Rita Emmett

I was blown away today by Rita Emmett, author of The Procrastinator's Handbook (an excellent book, by the way). I ordered one of her tapes from her website. It only cost $8.77, but shipping was $24 because I'm in Canada. There were no other options, so I went ahead and ordered it.

Within a few hours, I had a personal voicemail and e-mail from Rita herself. She said that the shipping just didn't seem right to her, and she offered to figure out a way to ship it cheaper and reimburse me. I recognized her voice from her audio book, and I couldn't believe she called herself. I'm what Ken Blanchard would call a Raving Fan. Thanks, Rita.

The Problem with Church Health

"One of the problems Christianity faces today is that too much of the focus has been on the needs of the institution rather than on the task of embodying the spirit of Jesus...Too much of what I read about 'church health' and 'church growth' is concerned with the survival or well-being of institutions, rather than a congregation's faithfulness to the Great Commission, which often means the self-sacrifice of individuals and groups...I really doubt if God cares much whether our meager institutions survive, but I do know that God cares about Christians being light, leaven, and salt to the world." Bill Easum, Unfreezing the Church

Unfreezing Moves

I've read a lot of books on church leadership and mission. Many of them are helpful, but very few are must-reads. Bill Easum's last book, Unfreezing Moves, is an exception. It's the best book on church leadership I've read in ages. Bill calls the church to move beyond church renewal and health (organizational survival), to join Jesus on the mission field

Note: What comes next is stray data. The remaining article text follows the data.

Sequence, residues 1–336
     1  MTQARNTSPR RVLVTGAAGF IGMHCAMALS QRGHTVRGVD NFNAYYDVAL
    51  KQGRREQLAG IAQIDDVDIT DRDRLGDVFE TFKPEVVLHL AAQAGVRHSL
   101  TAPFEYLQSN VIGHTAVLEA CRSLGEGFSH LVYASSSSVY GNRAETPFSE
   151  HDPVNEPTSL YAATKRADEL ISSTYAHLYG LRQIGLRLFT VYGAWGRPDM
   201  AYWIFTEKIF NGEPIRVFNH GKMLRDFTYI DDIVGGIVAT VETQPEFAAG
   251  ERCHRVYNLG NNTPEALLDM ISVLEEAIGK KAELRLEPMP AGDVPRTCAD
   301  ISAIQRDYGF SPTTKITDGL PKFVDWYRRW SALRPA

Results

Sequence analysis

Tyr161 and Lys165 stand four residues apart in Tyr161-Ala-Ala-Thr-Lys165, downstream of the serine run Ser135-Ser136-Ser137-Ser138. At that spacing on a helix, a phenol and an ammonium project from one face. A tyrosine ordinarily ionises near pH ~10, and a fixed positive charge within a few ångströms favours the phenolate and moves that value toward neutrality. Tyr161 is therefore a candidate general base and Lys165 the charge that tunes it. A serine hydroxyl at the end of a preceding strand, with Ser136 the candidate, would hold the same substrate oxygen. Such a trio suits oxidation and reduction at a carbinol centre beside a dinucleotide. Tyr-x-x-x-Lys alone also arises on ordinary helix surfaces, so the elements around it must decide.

We're not living in the second Reformation. We're living in the first century all over again. God is calling Christianity outside of its institutional prison, out from behind the cloistered walls of the sanctuary, out from the safety of denominational dominance, out from the marriage of Church and State, away from the merger of culture and piety, away from the professionals, into the dangerous, uncontrollable, deadly byways and highways. Jesus is calling us to the back roads of real life, where once again Christians associate with pagans, Christians associate with pagans, Gentiles, and God-fearers. It's time to join Jesus on the mission field. Go get your traveling shoes.

World Youth Day

vigil.jpg I may have been one of the few Protestant pastors to attend World Youth Day last week. I walked about 5 km to the site and was amazed by the volume of people and the amount of time it took to do simple things like go to the washroom (at least an hour).

I'm not Catholic, and I struggle with many areas of Catholic theology, yet I was struck by the spiritual hunger I sensed. Sure, they treated the Pope like a rock star, and yes, some in the crowd were not really paying attention. But many were. Those of us who are evangelical should really try to learn from what took place. As one person wrote last week:

What is it about Pope John Paul II that makes him so appealing to young people? Why do they rush, now in Canada as before in France, by the thousands to this 82-year-old man, whose hand is shaking uncontrollably from Parkinson's disease?

Why are they not put off by the fact that he is often barely audible and keeps dabbing spittle from his mouth? Why do they flock to him rather than some snazzy yuppie cleric with a tailor-made dog collar under his immaculately shaved and perfumed chin?

Because it's springtime for trustworthy old men -- springtime for integrity.